We had the good fortune of connecting with Christelyn Nash and we’ve shared our conversation below.
Hi Christelyn, how has your perspective on work-life balance evolved over time?
Starting out as an entrepreneur and an artist, work life balance seemed like an imaginary fairy tale to me. However, over time I realized that just like any other skill, it takes years of practice. In the beginning, I would work an 8 hour day job, come home and immediately dive into my business and art with little to no separation between the two. Fast forward to now, I have learned to plan my “art days” in advance. I still work an 8 hour day job, but now I have pre-scheduled days off to focus on my business, my art, and myself. This creates a time for work, a time for play, and time to rest. I like to think of this balance as a sort of spiritual practice because I see it as my duty to society to work, my commitment to my craft to create, and my responsibility to my body to relax.
Let’s talk shop? Tell us more about your career, what can you share with our community?
My art bridges the world of reality that our bodies live in and the world of fantasy that our minds inhabit. In order to bring such intangible ideas to life, I like to combine traditional art mediums with technology. For example, transforming my photography into a virtual reality landscape. The main element in my work that sets me apart from others is the source of my raw imagination, me. Staying true to myself and my vision has played a big part in carrying me into the professional that I am today. I have always had an entrepreneurial spirit since childhood, so turning my vision into an enterprise came naturally. It was definitely not easy. Supporting yourself monetarily as an artist is one thing, but supporting yourself emotionally can be a whole other obstacle. I overcame these challenges by asking for help. Never be afraid to ask for help whether it be financially, mentally, or physically, reach out for help. The most important lesson that I have learned is that I can not succeed alone. I want the world to know that my brand is all inclusive and provides a platform for anyone with a positive creative vision to express themselves. All you need to know about my story is that I was a little black girl with a really big dream and now I’m a big black woman with a small business that is thriving.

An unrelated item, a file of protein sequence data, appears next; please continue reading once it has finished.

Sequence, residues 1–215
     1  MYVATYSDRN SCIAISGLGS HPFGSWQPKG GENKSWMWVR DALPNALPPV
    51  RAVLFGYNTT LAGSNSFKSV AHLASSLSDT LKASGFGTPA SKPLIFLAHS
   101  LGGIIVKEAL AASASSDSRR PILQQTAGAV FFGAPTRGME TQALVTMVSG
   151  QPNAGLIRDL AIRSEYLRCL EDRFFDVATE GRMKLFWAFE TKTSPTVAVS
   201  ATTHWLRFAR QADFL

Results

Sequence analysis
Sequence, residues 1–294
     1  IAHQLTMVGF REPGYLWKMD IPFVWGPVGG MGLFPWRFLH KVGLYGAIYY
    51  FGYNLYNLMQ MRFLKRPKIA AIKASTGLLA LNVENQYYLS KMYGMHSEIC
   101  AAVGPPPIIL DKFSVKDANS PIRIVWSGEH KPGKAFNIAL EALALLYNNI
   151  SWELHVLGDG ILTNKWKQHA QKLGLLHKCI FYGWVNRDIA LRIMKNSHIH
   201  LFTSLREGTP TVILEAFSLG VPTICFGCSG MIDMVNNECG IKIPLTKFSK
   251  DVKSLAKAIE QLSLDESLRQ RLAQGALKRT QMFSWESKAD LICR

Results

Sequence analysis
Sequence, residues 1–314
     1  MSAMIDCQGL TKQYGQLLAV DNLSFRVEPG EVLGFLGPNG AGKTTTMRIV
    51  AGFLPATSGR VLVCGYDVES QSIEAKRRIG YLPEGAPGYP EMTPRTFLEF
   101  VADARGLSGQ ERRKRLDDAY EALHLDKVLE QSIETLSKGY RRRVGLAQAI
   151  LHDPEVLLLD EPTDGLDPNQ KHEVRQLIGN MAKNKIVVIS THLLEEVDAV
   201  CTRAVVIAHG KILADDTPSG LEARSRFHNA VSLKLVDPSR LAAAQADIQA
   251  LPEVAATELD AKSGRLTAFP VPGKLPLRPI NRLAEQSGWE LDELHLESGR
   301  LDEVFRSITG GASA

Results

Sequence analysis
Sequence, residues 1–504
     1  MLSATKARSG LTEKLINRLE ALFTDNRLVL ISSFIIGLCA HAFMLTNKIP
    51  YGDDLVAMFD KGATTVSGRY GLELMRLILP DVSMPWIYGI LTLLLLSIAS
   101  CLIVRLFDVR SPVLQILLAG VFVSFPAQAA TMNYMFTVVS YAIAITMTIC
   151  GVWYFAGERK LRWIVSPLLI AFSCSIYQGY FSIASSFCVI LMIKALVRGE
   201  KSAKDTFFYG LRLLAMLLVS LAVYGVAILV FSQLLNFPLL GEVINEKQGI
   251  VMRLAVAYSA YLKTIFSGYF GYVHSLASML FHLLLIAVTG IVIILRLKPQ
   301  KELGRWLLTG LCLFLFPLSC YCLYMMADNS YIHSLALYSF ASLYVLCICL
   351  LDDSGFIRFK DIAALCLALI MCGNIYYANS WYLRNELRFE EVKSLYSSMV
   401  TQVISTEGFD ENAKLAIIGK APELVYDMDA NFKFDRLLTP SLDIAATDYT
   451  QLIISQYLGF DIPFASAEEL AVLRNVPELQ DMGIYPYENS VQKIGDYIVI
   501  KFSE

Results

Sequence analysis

Let’s say your best friend was visiting the area and you wanted to show them the best time ever. Where would you take them? Give us a little itinerary – say it was a week long trip, where would you eat, drink, visit, hang out, etc.
Oh sis, I got you. On Monday we go to Papi’s Nightclub to see my favorite drag queen Luna of The Lilies perform a number or two.
On Tuesday we do brunch at Brasil Cafe on Montrose for a very specific slice of Tarragon Honey Pizza and maybe a mimosa.
On Wednesday we do some yoga at Buffallo Bayou.
On Thursday we visit the museum district because free admission at the MFAH, duh. Plus we can visit Station Museum before heading over to Axelrad for some late night live music and more pizza at Luigi’s. (I like pizza)
On Friday we are definitely going thrift shopping so we visit our friends at Baby Arcade, Pavement, Leopard Lounge and The Cottage Shop.
And on Saturday we take a stroll through Hardy and Nance Studios for some creative inspiration and networking.
Who else deserves some credit and recognition?
I would like to dedicate my shoutout to Mary Howe Hawkins. Mary has been my mentor since my senior year of college. The stars aligned to bring us together during an internship that I was doing in the Spring of 2017. Mary has been creating awe-inspiring photographs and works of art for over 25 years! She invited me into her studio to learn her process, document her work, and discuss the rapidly growing network of legacy artists in Houston, Texas. She deserves all of the praise for teaching me skills in etiquette, networking, and pursuing my dreams as a fine artist.
Image credit: Tiffany Couture at the Vybe Studio